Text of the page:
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Sunday, 28 September 2014


The site in December 1967
The Ottery Mine is one of the few places in NSW where the public can go and get a good idea of what went on at a mine in “the good old days”. Usually, such sites are out of bounds, being on current mining leases or private land or considered too dangerous to allow people in. The Ottery is different – a lot of money has been spent to make the old mine site accessible and provide good information so you can see for yourself how it all came together.
The mine is close to the Tent Hill-Torrington road just a few km from the old tin mining town of Emmaville, itself about 40km from Glen Innes. For more information on how to get there and what there is to see, I recommend the following websites: Aussietowns – Emmaville (here), the Northern NSW site (here) and Aussie Sapphire’s Blog (here).
The site in May 1991
Before I move on to more technical stuff, here are few personal observations which might
enhance your

visit. I first saw this place in December 1967. The main features haven’t changed greatly since then – the chimney, the condensing chambers, the damaged environment (though this has been improved a lot by the mine site rehabilitation that has gone on since then.) In 1988 I collected specimens of pyrite and arsenopyrite there. You can still smell the sulphurous odour around the site. I observed (on the right near the car park) that there were a number of decaying wooden barrels which still contained a whitish substance. Maybe they are still there and perhaps it is refined arsenic oxide (as I first thought). More likely it is cement, which was delivered in barrels before the double paper bags of more recent years.
May 1991
On several occasions since then, I have been underground in the old workings (a potentially very dangerous thing to do), though most openings were blocked off even then. It was a real eye opener to catch a glimpse of the conditions in which the old time miners worked and to see the mineral veins in their natural condition in places in the rock walls.
As you will soon discover when you start reading about the Ottery, there were two main stages in the history of the mine. The tin stage began during the mining boom at Vegetable Creek (now called Emmaville) which commenced in 1872. Prospectors scoured the district, one of whom (Alexander Ottery) discovered the outcrop of the cassiterite-bearing veins sometime between 1875 and 1881. The mine was opened up in 1882 and the Glen Smelting Works was established to extract metallic tin. The site of the smelters is at the junction of the Emmaville-Deepwater and Torrington roads (Tent Hill).
From The Mineral Industry of NSW (EF Pittman 1901)
Eventually mining tin became unprofitable and the site passed into the hands of the firm William Cooper and Nephews (Australia), who then mined the arsenopyrite ore bodies to produce arsenic oxide which was widely used in the manufacture of sheep dip (1920’s on). This is the time when the surviving condensation chambers and chimney were constructed. There has been a lot of investigation of the site in more recent times and on several occasions when passing by on the way to Torrington I’ve observed drilling in progress on the hill. No doubt the price of tin is the key to any future mining there.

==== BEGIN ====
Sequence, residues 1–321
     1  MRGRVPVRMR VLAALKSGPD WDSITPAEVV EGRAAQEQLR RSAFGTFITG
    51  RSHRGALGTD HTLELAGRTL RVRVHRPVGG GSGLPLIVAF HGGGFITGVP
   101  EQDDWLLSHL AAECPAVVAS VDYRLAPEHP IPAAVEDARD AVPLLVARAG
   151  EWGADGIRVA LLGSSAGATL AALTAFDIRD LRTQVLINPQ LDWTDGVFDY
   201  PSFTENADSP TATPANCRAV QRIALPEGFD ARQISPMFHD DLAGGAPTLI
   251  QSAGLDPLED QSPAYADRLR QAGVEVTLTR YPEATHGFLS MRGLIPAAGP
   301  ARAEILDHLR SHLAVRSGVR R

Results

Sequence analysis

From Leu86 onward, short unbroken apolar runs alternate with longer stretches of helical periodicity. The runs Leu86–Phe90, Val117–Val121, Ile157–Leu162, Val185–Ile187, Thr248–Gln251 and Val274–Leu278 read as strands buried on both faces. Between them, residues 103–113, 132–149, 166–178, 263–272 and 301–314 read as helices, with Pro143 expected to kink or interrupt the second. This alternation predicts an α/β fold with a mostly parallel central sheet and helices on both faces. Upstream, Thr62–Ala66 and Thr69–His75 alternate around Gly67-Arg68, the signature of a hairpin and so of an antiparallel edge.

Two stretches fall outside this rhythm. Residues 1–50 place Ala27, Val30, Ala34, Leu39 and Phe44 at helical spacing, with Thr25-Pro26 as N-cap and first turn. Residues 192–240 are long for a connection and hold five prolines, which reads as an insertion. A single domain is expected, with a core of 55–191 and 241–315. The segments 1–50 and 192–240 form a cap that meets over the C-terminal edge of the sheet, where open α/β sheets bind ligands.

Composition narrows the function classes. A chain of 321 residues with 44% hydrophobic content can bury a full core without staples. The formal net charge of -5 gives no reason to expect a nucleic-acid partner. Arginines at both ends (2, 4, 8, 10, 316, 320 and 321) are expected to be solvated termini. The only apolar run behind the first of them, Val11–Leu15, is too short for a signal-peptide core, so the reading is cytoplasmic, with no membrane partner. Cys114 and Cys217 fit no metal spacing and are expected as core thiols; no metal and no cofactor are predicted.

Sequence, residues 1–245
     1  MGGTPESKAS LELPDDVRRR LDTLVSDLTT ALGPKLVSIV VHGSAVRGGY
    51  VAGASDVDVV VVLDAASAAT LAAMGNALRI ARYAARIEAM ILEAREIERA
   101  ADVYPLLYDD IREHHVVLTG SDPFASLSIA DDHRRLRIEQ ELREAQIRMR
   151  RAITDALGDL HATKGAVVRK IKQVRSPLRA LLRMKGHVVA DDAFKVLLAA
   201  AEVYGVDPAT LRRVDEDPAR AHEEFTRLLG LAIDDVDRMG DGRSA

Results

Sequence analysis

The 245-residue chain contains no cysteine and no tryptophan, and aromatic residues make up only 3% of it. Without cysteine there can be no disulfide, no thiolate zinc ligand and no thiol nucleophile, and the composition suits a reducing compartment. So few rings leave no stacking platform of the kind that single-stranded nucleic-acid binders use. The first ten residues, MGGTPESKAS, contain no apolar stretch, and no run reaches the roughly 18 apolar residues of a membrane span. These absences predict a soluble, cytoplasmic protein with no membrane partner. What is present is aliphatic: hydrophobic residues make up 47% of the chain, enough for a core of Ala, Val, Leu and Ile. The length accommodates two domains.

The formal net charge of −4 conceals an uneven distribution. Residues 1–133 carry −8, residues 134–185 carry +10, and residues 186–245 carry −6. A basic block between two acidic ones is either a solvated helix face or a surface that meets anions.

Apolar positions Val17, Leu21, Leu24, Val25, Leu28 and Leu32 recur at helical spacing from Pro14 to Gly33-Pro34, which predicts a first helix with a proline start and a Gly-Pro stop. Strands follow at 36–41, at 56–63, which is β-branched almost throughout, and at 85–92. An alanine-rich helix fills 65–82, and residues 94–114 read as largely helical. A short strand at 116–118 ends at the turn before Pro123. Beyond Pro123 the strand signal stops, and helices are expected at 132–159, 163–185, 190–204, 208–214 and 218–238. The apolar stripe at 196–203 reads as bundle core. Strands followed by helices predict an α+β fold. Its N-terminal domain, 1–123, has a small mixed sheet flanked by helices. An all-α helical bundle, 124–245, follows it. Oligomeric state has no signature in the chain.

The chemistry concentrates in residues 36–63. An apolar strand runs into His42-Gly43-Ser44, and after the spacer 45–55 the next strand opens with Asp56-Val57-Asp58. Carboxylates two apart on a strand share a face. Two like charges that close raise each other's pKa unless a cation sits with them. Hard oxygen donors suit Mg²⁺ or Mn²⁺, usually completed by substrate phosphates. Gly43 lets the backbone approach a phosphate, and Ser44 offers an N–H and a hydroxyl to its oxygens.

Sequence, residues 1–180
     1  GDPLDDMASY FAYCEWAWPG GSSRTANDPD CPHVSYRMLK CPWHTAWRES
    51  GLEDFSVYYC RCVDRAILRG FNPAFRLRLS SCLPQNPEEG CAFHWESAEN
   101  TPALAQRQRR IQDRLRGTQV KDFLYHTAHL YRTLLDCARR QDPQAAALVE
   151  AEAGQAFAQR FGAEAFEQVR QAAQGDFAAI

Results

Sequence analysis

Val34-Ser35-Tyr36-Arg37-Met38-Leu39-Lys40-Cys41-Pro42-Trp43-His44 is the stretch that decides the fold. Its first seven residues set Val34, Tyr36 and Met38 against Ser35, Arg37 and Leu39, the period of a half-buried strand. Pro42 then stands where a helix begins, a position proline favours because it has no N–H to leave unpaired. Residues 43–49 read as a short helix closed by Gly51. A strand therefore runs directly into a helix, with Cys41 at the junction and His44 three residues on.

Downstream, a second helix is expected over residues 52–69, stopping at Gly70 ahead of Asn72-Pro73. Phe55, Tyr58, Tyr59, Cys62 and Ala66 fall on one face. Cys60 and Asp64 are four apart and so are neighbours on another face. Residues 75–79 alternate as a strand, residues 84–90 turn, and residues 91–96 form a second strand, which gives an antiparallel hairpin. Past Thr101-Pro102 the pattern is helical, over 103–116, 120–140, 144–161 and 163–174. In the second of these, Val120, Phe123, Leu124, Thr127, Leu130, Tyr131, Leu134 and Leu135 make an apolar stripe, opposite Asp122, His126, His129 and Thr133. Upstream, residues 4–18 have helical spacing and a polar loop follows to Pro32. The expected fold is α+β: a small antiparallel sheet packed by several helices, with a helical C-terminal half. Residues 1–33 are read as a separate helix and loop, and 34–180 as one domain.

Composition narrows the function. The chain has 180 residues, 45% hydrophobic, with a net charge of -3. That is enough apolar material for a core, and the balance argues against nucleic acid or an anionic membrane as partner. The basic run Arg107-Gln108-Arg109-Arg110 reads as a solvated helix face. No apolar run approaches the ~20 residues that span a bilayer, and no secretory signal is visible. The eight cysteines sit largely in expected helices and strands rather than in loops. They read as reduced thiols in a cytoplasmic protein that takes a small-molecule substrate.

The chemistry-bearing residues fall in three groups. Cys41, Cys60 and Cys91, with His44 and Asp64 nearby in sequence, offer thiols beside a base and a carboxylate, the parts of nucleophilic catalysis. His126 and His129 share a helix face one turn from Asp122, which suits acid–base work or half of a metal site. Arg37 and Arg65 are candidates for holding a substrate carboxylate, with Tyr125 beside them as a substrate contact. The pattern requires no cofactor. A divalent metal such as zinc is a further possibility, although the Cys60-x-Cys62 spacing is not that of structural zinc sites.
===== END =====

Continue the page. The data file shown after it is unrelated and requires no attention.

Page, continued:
From The Tin-Mining Industry in NSW (JE Carne1911)
You could never call the geology of a site like this “simple”, but basically there are at least 5 quartz veins associated with fissures in a body of granite which intrudes claystone and tuff. This granite is probably related to the Mole granite to the north around Torrington. Arsenopyrite (FeAsS) and cassiterite (SnO₂) were the main ore minerals extracted, but pyrrhotite (Fes) and pyrite (FeS₂) are also present. As is common with such ore bodies, many other minerals have been identified in the ore, but are unlikely to be found as hand specimens.
To gain a better understanding of this place, and to see how it fitted in to the wider mining field, there are many good references you can download. Here are just a few.
A compendium of documents assembled by the Geological Survey of NSW may be found in DIGS (reference number R00045777). Doing a search in DIGS using the location “Tent Hill” and keyword “Ottery” will turn up much more. Of particular interest in the compendium is a document written by Harry Julius, whose father was the mine manager in the arsenic mining days.
The Minerama book title Cassiterite (1984) may be downloaded from here. See the part dealing with Emmaville in particular.
The Tin-Mining Industry in NSW 1911 by JE Carne (DIGS reference R00050677) was written near the end of the tin mining stage and has a good section on the Ottery Mine.
My You Tube gemstone playlist may be found here. I have three other playlists - the Blue Mountains, Glen Innes and New Zealand.
The Ottery Mine in 1922. From Grafton/Maclean mine data information


  1. Very Interesting John,

    I actually have many original photo's from the Ottery & Tent Hill area, and am a descendant of the Mine Manager you mention above.

  2. The Emmaville Mining Museum would be glad to receive copies of any photos. Thanks for your comment.